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Bellavia attacks Collins, controls Google search

Approaching Tuesday's Republican primary for the right to challenge Democratic Rep. Kathleen C. Hochul of Amherst this fall, Chris Collins' past is coming back to haunt him.

Allies of his opponent, Iraq War veteran David Bellavia, are making sure of that. And the proof would have come Friday if you Googled "Collins for Congress."

You wouldn't have found, the official campaign web site of the former Erie County executive. Instead, as the fourth item on the search results, you would have found, a site run by a Florida tea party leader with a blunt message.

"Chris Collins is unfit for public office," the headline says.

And below that, the page features links to news stories detailing the controversies Collins has found himself embroiled in over the years -- such as comparing Assembly Speaker Sheldon Silver to Adolf Hitler and the anti-Christ.

To the Collins camp -- which hadn't approached Google to fix its Web-search problems -- the attacks are the last gasps of the dying Bellavia campaign.

"It's pretty sad," said Chris Grant, an unpaid adviser to Collins. "It shows that this is a pretty desperate operation that's going to take the kitchen sink approach" rather than focus on the economy and jobs as Collins has done.

But to the Bellavia campaign and tea party leader Everett Wilkinson, it's all fair game.

"We hear grave concern from voters who know a great deal about Chris Collins, that his gaffes and subsequent trouble with the truth will hang him in the general election or end his career abruptly if he is elected to Congress," said Paul Cole, Bellavia's campaign manager.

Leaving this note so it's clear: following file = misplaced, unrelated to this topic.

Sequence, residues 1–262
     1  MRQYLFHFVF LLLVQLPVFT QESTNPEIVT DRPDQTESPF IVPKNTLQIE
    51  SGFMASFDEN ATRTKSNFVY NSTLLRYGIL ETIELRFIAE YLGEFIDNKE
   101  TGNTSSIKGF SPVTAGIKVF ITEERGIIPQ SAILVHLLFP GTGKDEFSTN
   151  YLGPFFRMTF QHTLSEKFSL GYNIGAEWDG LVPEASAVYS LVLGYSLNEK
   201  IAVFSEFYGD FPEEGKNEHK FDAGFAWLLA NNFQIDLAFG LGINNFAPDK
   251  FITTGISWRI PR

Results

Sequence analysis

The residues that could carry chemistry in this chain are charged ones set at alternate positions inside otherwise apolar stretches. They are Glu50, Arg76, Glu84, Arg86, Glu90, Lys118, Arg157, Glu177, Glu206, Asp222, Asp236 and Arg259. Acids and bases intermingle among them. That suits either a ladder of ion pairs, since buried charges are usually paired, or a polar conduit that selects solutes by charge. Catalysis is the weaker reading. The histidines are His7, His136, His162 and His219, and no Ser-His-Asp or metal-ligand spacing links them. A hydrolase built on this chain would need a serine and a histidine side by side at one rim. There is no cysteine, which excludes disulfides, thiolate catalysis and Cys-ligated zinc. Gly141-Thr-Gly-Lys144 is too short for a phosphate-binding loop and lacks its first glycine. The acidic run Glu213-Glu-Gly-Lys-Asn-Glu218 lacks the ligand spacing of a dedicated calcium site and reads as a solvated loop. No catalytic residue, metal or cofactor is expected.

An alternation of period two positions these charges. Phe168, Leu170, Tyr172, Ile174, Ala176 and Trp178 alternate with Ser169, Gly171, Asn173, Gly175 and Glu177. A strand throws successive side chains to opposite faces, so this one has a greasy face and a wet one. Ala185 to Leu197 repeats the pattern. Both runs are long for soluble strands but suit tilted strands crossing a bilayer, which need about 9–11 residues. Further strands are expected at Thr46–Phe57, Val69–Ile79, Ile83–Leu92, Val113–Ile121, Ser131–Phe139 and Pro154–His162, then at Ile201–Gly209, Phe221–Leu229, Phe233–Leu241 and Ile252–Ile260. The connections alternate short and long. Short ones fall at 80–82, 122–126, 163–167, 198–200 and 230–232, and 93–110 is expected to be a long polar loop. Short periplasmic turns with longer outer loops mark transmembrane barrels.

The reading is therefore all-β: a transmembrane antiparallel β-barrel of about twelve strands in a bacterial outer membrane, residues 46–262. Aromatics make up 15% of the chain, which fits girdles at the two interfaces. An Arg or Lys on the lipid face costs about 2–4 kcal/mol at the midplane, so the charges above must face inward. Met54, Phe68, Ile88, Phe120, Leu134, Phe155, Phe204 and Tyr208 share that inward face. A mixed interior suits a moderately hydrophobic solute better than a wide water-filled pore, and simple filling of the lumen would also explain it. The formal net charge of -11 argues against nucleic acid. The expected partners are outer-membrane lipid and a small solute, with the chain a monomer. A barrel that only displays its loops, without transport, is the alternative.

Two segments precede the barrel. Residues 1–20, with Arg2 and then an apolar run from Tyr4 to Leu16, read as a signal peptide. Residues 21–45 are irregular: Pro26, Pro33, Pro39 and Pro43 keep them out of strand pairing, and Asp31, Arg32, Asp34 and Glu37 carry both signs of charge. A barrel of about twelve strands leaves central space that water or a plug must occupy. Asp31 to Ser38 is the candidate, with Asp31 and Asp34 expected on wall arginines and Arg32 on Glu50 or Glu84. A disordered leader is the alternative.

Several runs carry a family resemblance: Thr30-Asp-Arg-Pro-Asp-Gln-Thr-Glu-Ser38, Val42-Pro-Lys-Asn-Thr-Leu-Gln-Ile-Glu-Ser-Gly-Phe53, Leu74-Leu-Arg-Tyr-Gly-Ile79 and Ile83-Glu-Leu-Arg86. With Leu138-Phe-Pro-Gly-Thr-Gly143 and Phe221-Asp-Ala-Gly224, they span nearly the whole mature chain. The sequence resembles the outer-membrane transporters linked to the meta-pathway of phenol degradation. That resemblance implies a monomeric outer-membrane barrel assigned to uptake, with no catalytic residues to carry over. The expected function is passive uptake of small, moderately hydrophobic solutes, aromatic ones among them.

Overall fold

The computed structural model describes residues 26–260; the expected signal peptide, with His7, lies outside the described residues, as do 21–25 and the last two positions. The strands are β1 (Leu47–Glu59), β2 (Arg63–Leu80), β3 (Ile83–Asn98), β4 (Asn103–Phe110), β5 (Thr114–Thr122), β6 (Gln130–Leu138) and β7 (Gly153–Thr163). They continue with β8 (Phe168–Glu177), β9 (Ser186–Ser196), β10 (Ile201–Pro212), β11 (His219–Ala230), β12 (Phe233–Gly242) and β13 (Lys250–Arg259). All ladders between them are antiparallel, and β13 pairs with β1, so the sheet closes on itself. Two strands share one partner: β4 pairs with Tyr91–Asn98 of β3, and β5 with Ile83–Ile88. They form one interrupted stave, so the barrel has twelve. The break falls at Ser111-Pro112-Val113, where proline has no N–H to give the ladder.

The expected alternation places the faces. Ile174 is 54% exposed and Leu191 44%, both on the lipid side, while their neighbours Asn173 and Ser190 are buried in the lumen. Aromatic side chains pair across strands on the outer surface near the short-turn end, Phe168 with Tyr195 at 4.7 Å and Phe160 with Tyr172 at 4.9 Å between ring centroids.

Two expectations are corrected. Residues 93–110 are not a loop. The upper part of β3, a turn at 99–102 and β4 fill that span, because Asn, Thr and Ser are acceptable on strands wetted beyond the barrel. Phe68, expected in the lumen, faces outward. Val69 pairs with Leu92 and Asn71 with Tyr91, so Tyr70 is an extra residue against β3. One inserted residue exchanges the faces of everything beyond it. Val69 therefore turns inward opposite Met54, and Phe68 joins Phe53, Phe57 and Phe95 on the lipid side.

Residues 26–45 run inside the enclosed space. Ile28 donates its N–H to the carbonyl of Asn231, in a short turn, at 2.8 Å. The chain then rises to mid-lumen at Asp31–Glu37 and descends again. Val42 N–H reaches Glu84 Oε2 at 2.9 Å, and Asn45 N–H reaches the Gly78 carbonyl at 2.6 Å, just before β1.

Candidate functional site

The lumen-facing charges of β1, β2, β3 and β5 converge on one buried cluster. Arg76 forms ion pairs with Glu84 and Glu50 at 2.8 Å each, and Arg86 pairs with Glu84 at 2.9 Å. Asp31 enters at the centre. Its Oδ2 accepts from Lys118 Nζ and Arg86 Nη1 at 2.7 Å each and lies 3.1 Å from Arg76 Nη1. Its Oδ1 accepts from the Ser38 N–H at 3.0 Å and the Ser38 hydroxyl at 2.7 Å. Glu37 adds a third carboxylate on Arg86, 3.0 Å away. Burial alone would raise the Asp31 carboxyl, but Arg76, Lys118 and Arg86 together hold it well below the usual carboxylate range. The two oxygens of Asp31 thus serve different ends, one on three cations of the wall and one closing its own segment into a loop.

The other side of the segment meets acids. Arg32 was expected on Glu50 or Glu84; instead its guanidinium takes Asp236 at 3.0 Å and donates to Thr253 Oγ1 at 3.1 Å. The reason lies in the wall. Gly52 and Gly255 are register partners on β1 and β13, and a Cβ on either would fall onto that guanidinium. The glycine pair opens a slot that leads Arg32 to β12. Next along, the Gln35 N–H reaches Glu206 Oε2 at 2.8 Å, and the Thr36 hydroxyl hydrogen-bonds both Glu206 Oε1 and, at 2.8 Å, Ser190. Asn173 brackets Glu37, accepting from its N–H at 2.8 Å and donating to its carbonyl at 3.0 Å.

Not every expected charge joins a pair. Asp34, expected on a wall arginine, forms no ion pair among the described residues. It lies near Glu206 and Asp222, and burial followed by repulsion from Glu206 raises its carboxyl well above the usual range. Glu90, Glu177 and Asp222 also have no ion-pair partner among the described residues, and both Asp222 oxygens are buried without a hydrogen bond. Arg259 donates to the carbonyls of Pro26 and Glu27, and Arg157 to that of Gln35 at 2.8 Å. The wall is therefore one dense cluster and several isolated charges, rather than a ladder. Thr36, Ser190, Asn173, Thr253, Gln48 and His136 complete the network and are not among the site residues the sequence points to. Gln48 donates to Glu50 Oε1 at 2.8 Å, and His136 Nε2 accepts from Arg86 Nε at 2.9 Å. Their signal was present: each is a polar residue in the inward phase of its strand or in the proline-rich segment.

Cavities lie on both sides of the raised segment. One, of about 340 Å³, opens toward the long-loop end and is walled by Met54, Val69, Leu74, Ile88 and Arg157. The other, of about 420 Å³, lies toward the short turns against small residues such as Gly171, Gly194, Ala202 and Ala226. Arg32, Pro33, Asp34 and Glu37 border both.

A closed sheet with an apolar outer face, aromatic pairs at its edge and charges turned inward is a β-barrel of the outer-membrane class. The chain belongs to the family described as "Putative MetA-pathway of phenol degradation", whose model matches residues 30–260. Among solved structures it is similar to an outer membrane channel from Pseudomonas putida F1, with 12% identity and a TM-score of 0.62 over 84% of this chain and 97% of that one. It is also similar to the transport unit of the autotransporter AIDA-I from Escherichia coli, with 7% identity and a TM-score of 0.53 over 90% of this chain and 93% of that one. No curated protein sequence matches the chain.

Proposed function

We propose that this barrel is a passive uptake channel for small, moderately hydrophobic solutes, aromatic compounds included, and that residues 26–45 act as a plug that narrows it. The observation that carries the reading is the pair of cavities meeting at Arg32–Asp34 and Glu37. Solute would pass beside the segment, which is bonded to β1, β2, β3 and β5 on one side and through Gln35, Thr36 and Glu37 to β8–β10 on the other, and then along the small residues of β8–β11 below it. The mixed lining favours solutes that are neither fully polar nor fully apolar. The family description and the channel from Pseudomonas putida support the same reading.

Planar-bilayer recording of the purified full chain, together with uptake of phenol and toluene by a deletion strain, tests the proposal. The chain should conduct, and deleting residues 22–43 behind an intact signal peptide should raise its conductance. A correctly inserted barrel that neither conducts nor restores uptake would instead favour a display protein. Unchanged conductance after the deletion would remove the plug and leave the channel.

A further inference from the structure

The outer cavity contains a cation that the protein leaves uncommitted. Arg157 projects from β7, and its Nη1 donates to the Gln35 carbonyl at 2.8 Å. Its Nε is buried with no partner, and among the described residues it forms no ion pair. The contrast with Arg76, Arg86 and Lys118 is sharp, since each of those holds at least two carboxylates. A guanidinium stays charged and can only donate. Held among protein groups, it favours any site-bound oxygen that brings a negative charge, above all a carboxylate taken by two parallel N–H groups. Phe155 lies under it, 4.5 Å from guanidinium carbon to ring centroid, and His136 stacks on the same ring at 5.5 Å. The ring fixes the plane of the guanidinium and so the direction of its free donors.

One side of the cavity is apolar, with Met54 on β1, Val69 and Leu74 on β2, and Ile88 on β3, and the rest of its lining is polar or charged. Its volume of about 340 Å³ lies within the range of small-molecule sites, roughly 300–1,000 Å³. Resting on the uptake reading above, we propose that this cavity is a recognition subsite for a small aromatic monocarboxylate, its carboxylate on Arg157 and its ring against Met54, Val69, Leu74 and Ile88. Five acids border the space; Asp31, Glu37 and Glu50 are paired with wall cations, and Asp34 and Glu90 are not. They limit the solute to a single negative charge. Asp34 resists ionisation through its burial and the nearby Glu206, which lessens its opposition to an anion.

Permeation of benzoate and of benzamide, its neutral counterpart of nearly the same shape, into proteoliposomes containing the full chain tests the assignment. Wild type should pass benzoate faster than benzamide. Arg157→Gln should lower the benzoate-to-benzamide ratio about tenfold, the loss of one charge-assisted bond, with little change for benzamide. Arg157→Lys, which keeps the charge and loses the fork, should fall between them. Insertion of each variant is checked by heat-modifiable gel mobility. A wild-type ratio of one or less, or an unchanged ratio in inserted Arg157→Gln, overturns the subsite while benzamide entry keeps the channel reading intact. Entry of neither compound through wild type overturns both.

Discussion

For his part, Wilkinson isn't shy about airing Collins' dirty laundry.

His website also includes links to stories about Collins briefly belonging to New York Mayor Michael Bloomberg's anti-gun group, about an aide to Sen. Michael Ranzenhofer who claims she was fired for supporting Bellavia, about Collins allegedly parking in a space reserved for the handicapped.

"I started doing some research on this race and I thought: this guy [Collins] just really seems dirty," said Wilkinson, whose website is one of the tea party movement's most popular, according to, which ranks websites in terms of hits.

Wilkinson acknowledged that he knows Michael R. Caputo, an unpaid Bellavia adviser who's been responsible in the past for campaign Web work that resembles

Both men said Caputo tried to talk Wilkinson out of producing the website, fearing it would be counterproductive -- but Wilkinson felt determined to go ahead.

Chortling over a January 2010 WGRZ story in which a Republican assemblyman claimed Collins made comments about lap dances to a woman in the State Capitol, and a 2011 blog item from The Buffalo Record blog on the handicapped parking space, Wilkinson said of Collins: "He seems, like, out of control."

Collins has previously apologized for his comments about Silver, and said he left Bloomberg's anti-gun group as soon as he knew what it was about.